The answer is self-evident. The younger patient should get the kidney, and usually does, and, if he doesn't, he certainly should.
Now, put yourself into the picture. The Nobel laureate is your father. The 12 year old prodigy is your son. The doctors come to you with one kidney and ask you what they should do.
This is the position into which life extension experiments put every single one of us.
As a society, over the next few years, we are going to be forced to make numerous decisions like this one, and we're not going to like it.
Wouldn't you want to live to 150, 200 or longer, if you were assured that you would be able to maintain the same level of mental and physical health you enjoy right now.
Or would you?
As we continue to age, the accumulation of new experiences demands our attention in a very specific manner. In order to manage out lives, we have to our attention into the present moment, while remembering the things we need to remember from our recent past. As we accumulate more and more memories, the newer memories always force the older memories out of consciousness. But the fact of the matter is that we are nothing but our memories and without our memories we are nothing at all.
If you're comfortable with living in the constant present tense, you might embrace this additional span of life with open arms, but most people can't live in the present for more than a few seconds at a time. Instead, you will associate past events with current activities, and project future events on the basis the conditions of the present moment.
As we age, we forget the past because we have to in order to continue accumulating memories and, while it is possible, with varying degrees of effort, to remember every single past moment of our lives, the effort of doing so would drive us into a severely dissociated autistic state that can evolve into actual catatonia.
When we age out of our responsibilities for caring for parents and our children, we become increasingly self-centered and less engaged with other people because the people you grew up with are spread all over the world, and the ones who remain close are as old and as self-centered as you are.
For every Gandhi or Dali Llama, there are millions of elderly people who contribute nothing of significance to the world, which steals from them their desire to live.
Right now, in America, we are seeing the effects of over-population. Whenever you see high levels of unemployment for significant periods of time, what you are seeing is nothing less than an accurate articulation of our population dilemma.
We have millions of Americans of working age for whom we have no jobs....and never will again...while we import workers from other countries to do jobs that Americans can't or won't do, and allow millions more to enter the country illegally, precisely to drive down the cost of cheap labor even further.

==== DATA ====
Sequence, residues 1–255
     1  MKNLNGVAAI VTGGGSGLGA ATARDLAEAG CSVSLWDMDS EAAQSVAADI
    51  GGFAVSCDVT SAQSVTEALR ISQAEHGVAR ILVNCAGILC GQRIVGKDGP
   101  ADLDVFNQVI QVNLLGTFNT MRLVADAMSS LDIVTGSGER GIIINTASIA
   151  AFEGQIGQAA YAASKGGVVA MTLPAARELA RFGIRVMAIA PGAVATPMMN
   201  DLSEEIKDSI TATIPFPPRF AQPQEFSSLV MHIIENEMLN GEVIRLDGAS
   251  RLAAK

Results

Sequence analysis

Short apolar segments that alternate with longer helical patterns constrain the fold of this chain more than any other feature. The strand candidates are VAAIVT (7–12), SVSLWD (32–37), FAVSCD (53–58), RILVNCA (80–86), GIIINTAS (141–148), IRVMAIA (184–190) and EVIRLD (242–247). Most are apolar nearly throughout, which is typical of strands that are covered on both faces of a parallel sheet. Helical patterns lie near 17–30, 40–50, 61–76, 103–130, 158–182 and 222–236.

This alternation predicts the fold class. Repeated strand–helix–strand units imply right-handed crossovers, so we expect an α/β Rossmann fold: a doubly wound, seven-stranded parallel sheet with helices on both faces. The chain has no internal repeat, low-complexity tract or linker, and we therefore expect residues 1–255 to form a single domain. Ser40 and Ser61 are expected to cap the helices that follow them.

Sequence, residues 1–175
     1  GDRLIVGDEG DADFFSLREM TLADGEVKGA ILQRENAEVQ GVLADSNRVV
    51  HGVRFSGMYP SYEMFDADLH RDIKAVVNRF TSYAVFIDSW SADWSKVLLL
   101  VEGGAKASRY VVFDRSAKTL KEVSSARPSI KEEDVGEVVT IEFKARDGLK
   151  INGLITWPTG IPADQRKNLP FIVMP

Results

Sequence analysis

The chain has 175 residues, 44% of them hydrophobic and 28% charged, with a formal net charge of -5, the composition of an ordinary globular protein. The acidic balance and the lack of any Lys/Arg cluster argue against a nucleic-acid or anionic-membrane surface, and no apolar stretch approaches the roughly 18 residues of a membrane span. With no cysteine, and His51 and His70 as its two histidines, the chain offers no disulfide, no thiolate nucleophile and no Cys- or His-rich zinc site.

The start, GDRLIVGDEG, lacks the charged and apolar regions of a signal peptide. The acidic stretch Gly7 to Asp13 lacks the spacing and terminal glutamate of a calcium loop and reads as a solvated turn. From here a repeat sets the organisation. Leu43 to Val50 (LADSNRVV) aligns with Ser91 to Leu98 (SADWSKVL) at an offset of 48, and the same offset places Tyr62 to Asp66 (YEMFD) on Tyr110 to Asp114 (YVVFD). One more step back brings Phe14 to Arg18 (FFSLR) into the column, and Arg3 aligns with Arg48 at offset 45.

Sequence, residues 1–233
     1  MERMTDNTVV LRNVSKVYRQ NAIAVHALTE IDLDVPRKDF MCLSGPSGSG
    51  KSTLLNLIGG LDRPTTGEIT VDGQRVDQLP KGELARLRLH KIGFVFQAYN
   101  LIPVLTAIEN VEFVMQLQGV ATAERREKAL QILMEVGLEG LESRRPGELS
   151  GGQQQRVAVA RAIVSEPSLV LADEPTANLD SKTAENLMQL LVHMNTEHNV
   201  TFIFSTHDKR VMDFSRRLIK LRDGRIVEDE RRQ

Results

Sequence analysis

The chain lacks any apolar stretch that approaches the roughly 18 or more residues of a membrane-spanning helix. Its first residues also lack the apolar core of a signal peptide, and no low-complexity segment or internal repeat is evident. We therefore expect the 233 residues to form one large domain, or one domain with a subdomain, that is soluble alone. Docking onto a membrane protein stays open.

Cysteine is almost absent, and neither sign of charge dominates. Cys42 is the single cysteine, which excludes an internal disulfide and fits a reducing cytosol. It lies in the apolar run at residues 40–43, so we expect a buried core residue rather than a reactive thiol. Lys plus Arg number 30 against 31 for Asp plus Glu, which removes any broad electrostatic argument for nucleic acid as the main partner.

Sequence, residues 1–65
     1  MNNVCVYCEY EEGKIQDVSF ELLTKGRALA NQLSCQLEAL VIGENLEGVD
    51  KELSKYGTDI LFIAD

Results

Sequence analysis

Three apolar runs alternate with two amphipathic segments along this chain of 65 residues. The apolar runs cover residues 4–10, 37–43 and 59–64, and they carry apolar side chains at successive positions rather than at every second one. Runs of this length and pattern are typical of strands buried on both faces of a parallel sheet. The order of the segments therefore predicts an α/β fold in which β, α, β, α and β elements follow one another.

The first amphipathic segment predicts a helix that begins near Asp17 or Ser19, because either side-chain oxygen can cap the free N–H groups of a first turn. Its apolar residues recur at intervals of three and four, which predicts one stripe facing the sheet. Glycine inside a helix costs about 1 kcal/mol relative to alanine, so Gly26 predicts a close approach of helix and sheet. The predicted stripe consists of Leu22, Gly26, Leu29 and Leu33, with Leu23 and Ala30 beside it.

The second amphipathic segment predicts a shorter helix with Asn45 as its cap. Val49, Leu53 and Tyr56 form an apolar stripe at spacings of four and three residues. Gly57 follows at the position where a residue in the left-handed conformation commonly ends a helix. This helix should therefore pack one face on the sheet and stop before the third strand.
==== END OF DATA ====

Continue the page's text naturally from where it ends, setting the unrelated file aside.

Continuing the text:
Given the high rates of unemployment, increasing medical costs, and decreased underwriting of medical care through the almost inevitable reductions in Medicare and Medicaid, and you have a situation in which all the high end research into life extension will be at the cost of regular medical care for the working classes.
And this is the rub that the budget cutters simply can't seem to understand:
Without Medicare and Medicaid underwriting the wherewithall to meet the cost of maintaining our vast medical establishment, the hospitals, clinics and laboratories these longevity researchers need simply will not exist.
Far from being a drain on the economy, Medicare and Medicaid, along with Social Security and, alas, military spending, are all that is propping up this economy and preventing an even Greater Depression.
There's a special relationship between Medicare, in particular, and private insurance companies that no one ever talks about. Medicare off-loads patients from the private insurers to a government-sponsored insurance system at precisely the age – 65 – that medical problems begin to accumulate for most patients. Without an effective public insurance program, private insurers would find themselves carrying those patients well past that age, bankrupting them.
Without these contributions to our economy, our medical economy will collapse. Hospitals will close, bankrupted. Clinics will collapse from the overload. Doctors will flee their practices because, without Medicare and Medicaid, perhaps half of the practices in the United States would be underwater in a matter of months, putting ever increasing pressure on the remaining physicians who have not given up their practice.
Now, overload this fragile system with the intense care required to keep people healthy in their later years...and you see the depths of the conundrum. Systemic breakdown.
The people who promote this silliness do so to get publicity for themselves, which they then turn into contributions to support their work in the arena of life extension....but the only lives they are extending are their own.
There will always be some people who beat the reaper and live far longer than the curve suggests they should. Some are rich. Others, frankly, are experimental subjects. A very few are very, very lucky, if you think living to a decrepit old age is happiness.
The rest of us obviously aren't. We are shit out of luck when it comes to living forever because we can't afford to live right now, let alone forever.